Electoral reform

Since the establishment of the Jewish state there have been repeated attempts to change Israel’s electoral system.

Haredi man casts ballot elections 390 (R) (photo credit: Gil Cohen Magen / Reuters)
Haredi man casts ballot elections 390 (R)
(photo credit: Gil Cohen Magen / Reuters)
Since the establishment of the Jewish state over six decades ago, there have been repeated attempts to change Israel’s electoral system.
Born in a moment of severe crisis with the War of the Independence still raging, and left nearly unchanged since, the system of proportional representation allocates power among political parties according to the percentage of overall votes each receives in a single, nationwide election.
Any party that manages to receive at least 2 percent of the vote gains entry.
Proportional representation with a relatively low threshold percentage – only the Netherlands has a lower threshold at 0.67% – tend to encourage the creation of fringe political parties – such as the Pensioners Party – with radical or narrow agendas that represent only a fraction of the population or with fleeting popularity.
Government coalitions are created by pulling together a patchwork of diverse factions. These governments are plagued with chronic division and instability. In many cases, a single small party can bring down a government, giving it inordinate leveraging power. Politicians tend to be unknown sycophants willing to toe the party line who are unconcerned with representing the voters since their reelection depends on internal party politics, not personal popularity.
As early as October 1948, just months after the creation of the state, Israel’s first prime minister, David Ben-Gurion, sought to change the system. Ben-Gurion wanted to institute a plurality voting system similar to the British model.
Voters would cast ballots for candidates running in district elections. The candidate receiving the most votes would be declared the winner. Votes cast for losing candidates would be discarded. This system is also known as the “first past the post” or “winner takes all” mechanism.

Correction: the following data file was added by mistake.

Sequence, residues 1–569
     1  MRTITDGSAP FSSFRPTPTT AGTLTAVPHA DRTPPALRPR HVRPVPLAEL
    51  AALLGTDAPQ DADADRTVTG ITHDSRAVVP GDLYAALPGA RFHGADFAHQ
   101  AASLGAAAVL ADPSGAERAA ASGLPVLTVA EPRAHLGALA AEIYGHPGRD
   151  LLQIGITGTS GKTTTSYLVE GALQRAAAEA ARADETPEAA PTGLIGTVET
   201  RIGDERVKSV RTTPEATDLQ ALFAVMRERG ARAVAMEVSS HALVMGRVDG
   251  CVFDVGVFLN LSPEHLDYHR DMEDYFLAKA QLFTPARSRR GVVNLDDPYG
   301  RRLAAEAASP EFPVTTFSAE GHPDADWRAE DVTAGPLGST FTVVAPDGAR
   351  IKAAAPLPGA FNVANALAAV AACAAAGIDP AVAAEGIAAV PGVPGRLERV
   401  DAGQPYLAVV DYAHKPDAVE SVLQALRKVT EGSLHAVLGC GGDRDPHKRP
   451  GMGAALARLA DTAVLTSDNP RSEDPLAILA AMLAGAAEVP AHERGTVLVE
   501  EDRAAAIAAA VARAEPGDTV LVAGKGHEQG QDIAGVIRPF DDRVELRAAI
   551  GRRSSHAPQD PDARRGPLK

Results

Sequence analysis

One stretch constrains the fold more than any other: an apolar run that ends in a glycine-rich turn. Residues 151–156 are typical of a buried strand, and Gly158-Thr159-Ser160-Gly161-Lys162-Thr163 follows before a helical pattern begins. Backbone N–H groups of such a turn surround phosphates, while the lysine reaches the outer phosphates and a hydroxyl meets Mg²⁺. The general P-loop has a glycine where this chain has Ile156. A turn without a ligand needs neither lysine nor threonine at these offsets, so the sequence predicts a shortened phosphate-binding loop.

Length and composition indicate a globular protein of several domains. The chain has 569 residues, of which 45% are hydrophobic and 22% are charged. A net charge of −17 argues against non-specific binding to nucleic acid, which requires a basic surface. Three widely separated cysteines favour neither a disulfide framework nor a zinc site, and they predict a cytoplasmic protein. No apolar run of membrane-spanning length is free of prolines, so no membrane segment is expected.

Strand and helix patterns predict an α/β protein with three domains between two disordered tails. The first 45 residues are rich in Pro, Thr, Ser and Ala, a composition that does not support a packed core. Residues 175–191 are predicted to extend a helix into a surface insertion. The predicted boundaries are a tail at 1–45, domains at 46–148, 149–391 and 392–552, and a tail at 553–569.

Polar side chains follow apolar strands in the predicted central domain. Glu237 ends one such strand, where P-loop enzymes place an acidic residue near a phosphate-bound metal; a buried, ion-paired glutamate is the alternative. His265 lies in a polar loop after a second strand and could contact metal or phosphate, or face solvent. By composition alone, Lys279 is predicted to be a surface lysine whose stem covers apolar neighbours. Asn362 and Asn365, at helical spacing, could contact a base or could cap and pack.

As noted by former executive editor of The Jerusalem Post Amotz Asa-El, in an article titled “Israel’s electoral complex” that appeared in Azure (Autumn, 2008), about 10 bills calling for regional elections were presented to the Knesset between 1958 and 1988.
All such attempts at reform were torpedoed by small parties that were members of consecutive government coalitions – especially religious parties – and stood to lose the most.
Now a new attempt is being launched to bring about electoral reform.
Former Mossad director Meir Dagan has started a grassroots movement called Yesh Sikui (“There is a chance”).
According to Ma’ariv, the initiative is backed by businessman Gad Ze’evi, former IDF chief Amnon Lipkin-Shahak and PR guru Reuven Adler. Interdisciplinary Center president Prof. Uriel Reichman, a longtime advocate of electoral reform, is also said to be involved.
Dagan and others are calling to institute a system in which half of the Knesset’s 120 lawmakers will be voted into office in regional elections. The other half will continue to be elected in national elections. By instituting regional elections, Dagan hopes to change the dynamic in which many MKs are chosen for their subservience to a single leader or party mechanism (Shas and Israel Beiteinu come to mind) or to a central committee.
Instead, leaders with strong grassroots backing will be brought into politics. These men and women will be forced to represent their voters in the Knesset, not the party hacks. And voters will expect MKs to be responsive to their demands, which will encourage more civic consciousness.
Holding regional elections increases the chances that lawmakers will be chosen for their unique talents, pragmatism and ability to get things done.
Another proposal being put forward by Dagan is to raise the election threshold from 2% to 3%, which will encourage voters to choose larger, more mainstream parties, thus bringing more stability to government coalitions.
Before these reforms can be implemented, many obstacles need to be overcome. Arabs and haredim must be assured that their unique interests would be protected.
Old political sensibilities, such as the belief that political representation should be given to every minority in the nation, would have to be reconsidered and, perhaps, discarded.
Splitting up the nation into regions would be controversial and could open the way for gerrymandering.
We hope Dagan will succeed in sparking a public debate that reevaluates our political system in a critical light.
Only once the wider public fully understands the ailments of our present political system and considers the alternatives will there be a chance that an initiative for electoral reform can succeed where previous attempts failed.